Here is a great article on keeping our balance at Christmas, taken from my ezine, Inspirational Success Tips. The article is called "Keeping Your Balance at Christmas" and is actually an excpert from Home on Time by Ryan Rush. Here is the introduction summarised, following which I list the main points.
From "Keeping Your Balance at Christmas" by Ryan Rush: ...time can really be ..short ...during the holidays. Families are faced with... distractions and challenges...: Get-togethers, ...,, shopping, and decorating... [& workers] often have increased hours..... Blended families... juggle..schedules... So if the holiday season is looking more like a burden than a blessing, ..., try out these three simple planning remedies:
* Only Say "Yes" if it Really Matters
* Plan for Quiet Moments
* Put Some Creativity into Christmas."
You may also be able to find other helpful resources on the web for avoiding stress at Christmas time.
V. Take care also to avoid getting caught up in the commercialism of Chritmas. - especially if you are a business owner or are selling something like me.
I find I'm preaching to myself here, but, here's a funny but true Christmas classic which drives this point home marvelously. Take a listen.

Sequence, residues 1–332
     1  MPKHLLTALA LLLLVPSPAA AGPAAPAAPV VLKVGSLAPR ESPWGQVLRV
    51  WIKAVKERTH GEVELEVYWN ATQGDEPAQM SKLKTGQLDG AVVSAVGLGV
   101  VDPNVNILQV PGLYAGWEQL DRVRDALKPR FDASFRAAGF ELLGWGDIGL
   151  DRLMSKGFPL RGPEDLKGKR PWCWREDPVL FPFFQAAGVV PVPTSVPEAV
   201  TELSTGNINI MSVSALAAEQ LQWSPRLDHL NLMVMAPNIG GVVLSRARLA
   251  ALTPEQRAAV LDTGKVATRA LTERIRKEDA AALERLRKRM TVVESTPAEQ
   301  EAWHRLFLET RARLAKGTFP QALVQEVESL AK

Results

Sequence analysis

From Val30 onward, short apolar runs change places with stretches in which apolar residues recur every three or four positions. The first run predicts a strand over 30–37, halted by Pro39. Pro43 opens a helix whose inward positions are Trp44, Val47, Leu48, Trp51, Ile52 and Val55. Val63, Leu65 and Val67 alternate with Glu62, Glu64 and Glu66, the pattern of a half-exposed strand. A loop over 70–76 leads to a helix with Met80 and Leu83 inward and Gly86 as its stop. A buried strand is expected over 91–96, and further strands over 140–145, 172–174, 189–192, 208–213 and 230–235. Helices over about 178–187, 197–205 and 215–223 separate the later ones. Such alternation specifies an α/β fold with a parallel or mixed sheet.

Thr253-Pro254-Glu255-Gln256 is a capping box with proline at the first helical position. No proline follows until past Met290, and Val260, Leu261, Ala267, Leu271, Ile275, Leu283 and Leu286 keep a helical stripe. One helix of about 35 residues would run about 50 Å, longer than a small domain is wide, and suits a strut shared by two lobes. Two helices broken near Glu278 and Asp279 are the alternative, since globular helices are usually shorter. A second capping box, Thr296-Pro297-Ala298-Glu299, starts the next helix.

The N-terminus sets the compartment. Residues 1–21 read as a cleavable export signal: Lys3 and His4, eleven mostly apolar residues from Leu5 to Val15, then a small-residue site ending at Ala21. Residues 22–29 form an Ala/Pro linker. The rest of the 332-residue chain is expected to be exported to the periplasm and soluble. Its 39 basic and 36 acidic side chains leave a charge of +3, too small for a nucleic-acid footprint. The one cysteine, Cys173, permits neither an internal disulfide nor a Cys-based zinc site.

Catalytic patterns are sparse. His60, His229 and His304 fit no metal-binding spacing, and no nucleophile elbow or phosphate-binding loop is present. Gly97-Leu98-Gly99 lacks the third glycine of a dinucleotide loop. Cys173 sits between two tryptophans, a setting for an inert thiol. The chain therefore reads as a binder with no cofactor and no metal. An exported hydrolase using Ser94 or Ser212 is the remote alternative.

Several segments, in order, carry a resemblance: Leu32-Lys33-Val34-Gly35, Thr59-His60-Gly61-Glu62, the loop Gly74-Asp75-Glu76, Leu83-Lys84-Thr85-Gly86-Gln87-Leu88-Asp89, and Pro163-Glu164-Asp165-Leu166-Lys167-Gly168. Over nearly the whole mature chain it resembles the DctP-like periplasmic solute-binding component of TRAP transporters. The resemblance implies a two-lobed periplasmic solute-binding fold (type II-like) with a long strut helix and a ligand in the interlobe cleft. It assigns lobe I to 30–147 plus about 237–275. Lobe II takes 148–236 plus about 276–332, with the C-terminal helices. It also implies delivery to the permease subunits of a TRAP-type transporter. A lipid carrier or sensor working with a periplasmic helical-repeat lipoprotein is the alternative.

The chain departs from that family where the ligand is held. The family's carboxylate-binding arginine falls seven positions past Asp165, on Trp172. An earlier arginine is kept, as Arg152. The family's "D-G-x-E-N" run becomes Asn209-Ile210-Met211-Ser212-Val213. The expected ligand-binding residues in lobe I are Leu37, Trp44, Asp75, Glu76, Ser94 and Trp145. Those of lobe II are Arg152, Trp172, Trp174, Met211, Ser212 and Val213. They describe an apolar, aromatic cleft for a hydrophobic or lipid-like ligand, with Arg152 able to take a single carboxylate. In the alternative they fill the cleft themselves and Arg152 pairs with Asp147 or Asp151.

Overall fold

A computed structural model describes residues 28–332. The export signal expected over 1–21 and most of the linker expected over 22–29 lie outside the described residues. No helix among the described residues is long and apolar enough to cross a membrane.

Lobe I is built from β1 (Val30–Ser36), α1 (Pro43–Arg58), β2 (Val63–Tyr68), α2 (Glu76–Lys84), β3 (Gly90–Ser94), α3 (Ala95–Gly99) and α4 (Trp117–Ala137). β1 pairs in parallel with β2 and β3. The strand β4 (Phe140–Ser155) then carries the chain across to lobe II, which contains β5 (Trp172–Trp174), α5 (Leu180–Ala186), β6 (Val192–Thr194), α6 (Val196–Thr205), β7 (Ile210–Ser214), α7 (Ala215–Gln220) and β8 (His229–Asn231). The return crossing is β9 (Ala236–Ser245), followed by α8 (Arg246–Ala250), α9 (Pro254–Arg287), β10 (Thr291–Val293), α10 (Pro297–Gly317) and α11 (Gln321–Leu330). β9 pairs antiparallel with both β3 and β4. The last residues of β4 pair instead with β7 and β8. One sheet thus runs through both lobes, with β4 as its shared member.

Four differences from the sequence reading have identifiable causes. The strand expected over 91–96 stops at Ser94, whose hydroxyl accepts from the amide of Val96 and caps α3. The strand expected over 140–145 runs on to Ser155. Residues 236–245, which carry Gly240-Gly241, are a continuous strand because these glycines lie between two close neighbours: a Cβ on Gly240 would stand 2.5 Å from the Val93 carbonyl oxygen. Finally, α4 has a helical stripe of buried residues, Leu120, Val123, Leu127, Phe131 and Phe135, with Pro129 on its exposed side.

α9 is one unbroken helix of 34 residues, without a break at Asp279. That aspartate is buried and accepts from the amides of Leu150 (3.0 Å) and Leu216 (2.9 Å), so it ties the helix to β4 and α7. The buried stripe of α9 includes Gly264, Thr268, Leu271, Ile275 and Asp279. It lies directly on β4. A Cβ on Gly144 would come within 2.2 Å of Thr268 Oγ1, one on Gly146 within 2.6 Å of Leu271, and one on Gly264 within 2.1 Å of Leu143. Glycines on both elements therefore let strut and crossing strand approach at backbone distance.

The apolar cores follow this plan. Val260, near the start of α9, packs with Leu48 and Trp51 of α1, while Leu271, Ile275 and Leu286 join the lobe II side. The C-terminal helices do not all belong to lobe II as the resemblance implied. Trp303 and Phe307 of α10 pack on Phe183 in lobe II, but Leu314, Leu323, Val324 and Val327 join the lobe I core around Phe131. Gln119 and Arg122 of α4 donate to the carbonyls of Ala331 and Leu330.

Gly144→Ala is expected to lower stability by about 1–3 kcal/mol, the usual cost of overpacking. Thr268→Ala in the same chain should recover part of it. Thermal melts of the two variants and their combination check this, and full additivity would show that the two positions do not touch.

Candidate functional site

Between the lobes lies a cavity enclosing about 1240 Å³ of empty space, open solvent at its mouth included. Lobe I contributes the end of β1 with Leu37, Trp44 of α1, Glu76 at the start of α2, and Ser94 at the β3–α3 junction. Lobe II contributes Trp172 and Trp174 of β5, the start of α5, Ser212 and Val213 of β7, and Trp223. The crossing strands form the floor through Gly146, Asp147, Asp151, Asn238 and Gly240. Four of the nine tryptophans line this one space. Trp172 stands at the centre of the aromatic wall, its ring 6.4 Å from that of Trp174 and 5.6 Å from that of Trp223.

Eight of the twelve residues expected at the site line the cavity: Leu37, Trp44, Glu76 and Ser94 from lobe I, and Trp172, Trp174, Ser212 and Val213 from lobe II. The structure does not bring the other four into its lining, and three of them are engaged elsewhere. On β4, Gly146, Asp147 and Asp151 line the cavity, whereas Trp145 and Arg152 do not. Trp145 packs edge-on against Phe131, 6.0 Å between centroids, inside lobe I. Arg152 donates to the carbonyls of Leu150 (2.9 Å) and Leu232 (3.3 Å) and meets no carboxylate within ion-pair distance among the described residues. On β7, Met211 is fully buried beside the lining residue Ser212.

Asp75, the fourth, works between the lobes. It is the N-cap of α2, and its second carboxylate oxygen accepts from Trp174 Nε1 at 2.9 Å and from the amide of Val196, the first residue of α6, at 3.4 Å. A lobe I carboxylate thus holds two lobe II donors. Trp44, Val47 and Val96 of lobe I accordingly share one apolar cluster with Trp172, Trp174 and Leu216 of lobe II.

Stan Freeberg's Green Christmas
It's a brilliant satirical parody of the over-commercialisation of Christmas merchandising, with Scrooge as chairman of the advertising board, and Bob Cratchet as the voice of reason, using traditional Christmas tunes with new and humorous satirical lyrics. You'll find this gem among others as one of the offerings on the below-mentioned Christmas music hub.
--For more funny Christmas songs and some really beautiful ones as well, check out this hub:
- Unique Christmas Music
There are many unique and beautiful Christmas songs of which most people are sadly unaware. I have included here uniquely beautiful Christmas folk songs and uniquely funny Christmas comedy songs.
VI. And, Don't Forget the Real Meaning of Christmas: Jesus Christ.